It’s obviously a problem I share with my fellow science journalists; but there’s an added complication: instead of there being a cohesive attempt by science journalists to educate media consumers about the magic of the natural world, there seems to be division within the ranks.

I have written about this before, but a recent blog entry on Forbes online by the journalist John McQuaid made me realise how seemingly disparate is the difference between scientists who write as journalists and journalists who write about science. He presents the fascinating case of the highly successful science writer Jonah Lehrer, who allegedly included some rather dodgy facts in one of his books, and how another science writer, the neuroscientist Daniel Bor, publicly took him to task.

One of Bor’s more interesting assertions (which he later tempered), is that all science journalists should have a PhD in a science field before they are let loose on the unsuspecting public. I smiled when I read this, because whilst researching my final project on the state of science journalism in South Africa as part of my Masters in Science Journalism, I interviewed Prof Lizette Rabe of the Department of Journalism at the University of Stellenbosch, who said that, in an ideal world, all journalists – irrespective of their ‘beat’ – should be armed with a BSc.

My research also threw further light on the rather sad reality as I have known it since those early years as a science communicator, that science is not as ‘popular’* as it should be.

I expect most science journalists would agree with me on that; but that many of them would disagree with me on this: science journalists with a specialised science degree are more comfortable writing for an already dedicated science news consumer, and in so doing may help preserve the isolation of science from the non science news consumer. In essence, they may even help perpetuate, perhaps even intentionally, its aura of exclusivity.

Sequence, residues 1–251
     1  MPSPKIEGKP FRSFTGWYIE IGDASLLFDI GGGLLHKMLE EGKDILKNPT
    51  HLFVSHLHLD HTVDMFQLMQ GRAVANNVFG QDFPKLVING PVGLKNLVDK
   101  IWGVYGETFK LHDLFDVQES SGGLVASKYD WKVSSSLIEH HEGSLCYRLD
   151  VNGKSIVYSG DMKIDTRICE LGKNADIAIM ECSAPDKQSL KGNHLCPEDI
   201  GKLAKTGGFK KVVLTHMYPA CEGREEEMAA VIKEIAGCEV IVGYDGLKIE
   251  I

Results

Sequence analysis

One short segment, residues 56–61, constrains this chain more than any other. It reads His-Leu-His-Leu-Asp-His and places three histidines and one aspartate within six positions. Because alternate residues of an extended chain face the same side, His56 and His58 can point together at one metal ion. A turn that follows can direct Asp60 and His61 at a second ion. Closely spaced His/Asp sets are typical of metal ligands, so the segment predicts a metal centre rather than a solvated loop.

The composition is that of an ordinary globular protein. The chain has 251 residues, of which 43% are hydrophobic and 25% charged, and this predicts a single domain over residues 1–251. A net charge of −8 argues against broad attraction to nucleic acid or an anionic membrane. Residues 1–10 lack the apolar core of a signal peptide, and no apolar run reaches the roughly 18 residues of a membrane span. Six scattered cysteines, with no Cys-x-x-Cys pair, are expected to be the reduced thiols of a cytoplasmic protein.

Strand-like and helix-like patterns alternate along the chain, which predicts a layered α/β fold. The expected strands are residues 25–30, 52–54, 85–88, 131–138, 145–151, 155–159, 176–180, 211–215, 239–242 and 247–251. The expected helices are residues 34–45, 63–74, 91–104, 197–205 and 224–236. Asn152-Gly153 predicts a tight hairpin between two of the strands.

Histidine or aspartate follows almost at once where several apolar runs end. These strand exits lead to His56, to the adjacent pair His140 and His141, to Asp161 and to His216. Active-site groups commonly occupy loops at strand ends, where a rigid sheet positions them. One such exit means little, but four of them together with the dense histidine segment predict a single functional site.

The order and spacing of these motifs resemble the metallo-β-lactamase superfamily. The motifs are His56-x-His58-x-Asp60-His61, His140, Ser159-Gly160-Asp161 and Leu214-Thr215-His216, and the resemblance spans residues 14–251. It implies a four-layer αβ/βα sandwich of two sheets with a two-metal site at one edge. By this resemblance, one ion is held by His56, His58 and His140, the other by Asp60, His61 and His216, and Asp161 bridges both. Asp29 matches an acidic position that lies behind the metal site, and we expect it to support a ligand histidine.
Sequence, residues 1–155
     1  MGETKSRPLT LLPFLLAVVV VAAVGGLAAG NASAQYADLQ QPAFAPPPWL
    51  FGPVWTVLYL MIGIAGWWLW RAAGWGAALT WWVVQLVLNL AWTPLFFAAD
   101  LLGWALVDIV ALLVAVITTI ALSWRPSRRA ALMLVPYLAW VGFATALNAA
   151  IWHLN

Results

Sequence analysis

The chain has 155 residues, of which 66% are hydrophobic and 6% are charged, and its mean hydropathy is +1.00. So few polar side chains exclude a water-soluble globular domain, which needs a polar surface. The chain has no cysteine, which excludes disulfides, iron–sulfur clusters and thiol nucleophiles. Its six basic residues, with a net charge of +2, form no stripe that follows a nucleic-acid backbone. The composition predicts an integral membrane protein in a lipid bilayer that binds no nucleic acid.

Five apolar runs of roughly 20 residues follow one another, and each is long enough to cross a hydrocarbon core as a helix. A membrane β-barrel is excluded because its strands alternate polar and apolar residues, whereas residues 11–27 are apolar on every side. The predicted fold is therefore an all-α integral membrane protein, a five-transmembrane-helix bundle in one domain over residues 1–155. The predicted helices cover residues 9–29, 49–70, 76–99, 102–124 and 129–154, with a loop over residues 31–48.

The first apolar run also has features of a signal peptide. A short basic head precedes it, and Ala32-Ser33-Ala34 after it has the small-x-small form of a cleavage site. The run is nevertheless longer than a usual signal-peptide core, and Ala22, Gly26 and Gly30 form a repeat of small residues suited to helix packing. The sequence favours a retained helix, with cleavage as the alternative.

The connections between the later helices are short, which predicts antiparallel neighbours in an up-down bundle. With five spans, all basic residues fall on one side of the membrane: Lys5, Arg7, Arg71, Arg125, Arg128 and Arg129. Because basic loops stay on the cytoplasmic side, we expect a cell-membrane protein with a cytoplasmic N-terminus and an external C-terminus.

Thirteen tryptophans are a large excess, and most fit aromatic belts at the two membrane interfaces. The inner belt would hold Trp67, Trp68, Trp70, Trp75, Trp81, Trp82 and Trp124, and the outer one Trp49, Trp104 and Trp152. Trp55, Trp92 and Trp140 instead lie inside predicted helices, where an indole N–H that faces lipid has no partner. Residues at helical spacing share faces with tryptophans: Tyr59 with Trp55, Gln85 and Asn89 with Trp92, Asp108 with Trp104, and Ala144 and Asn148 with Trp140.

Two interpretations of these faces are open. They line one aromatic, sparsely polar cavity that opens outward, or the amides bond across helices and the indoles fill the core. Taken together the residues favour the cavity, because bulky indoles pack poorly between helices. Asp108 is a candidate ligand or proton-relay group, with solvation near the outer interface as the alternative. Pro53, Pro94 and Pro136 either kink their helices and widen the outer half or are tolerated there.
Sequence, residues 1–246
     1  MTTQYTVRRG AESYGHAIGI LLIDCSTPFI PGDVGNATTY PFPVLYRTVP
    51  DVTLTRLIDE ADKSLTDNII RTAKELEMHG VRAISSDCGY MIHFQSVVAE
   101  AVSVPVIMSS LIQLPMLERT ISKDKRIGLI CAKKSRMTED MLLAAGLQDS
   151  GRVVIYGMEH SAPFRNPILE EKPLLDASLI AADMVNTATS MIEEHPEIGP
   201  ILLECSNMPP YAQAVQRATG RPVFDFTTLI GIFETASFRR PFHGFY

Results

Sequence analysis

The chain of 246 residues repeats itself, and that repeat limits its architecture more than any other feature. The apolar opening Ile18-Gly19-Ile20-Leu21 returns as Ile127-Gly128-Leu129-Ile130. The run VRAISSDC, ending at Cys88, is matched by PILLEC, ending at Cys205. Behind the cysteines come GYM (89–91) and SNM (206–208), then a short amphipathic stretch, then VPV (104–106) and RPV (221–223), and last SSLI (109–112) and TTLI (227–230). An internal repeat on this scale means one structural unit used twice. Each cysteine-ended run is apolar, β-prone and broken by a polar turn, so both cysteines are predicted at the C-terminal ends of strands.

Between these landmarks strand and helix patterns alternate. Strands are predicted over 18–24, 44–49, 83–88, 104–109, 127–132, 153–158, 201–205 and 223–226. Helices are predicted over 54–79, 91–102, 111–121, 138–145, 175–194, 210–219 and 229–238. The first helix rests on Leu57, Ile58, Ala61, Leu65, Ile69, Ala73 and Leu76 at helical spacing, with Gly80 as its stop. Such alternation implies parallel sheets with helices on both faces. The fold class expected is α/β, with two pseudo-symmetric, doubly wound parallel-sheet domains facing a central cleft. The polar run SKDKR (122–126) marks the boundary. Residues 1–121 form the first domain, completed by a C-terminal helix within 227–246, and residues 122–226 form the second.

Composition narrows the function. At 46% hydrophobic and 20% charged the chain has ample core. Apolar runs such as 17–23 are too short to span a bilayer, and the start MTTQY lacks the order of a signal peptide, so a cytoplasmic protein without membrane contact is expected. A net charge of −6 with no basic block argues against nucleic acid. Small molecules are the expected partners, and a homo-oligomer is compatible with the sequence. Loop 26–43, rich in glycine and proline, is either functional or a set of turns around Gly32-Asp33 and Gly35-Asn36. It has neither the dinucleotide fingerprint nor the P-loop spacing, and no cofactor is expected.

On the other hand, journalists who have evolved into science writing (my intended emphasis!) are more likely to help break down the perceptive barriers that still exist for most people around science, even though they run the increased risk of technical inaccuracies slipping by in their writing – inaccuracies that would be glaring to specialist science writers. This is especially the case when a sub-editor or editor doesn’t know any better.

So whereas Mr Lehrer presented some factual errors of science in his writing (which are avoidable) and appears to have misrepresented the nature of their origin (which is inexcusable); and even misquoted Bob Dylan (which seems to verge on the sacrilegious), I am a little uncomfortable with the witch hunt that seems to have manifested itself within certain members of the media. Here’s an example from Damian Thompson of the Telegraph.

Science holds the key to breaking down the cultural, religious and political ideologies that are tearing humankind apart. It is therefore far too important to remain the exclusive domain of a specialised elite; and the journalism entrusted with its propagation is far too threatened to become a battleground for infighting.

*popular |ˈpäpyələr|adjective:

1. liked, admired, or enjoyed by many people or by a particular person or group: “she was one of the more popular girls in school”,

2. intended for or suited to the taste, understanding, or means of the general public rather than specialists or intellectuals: the popular press.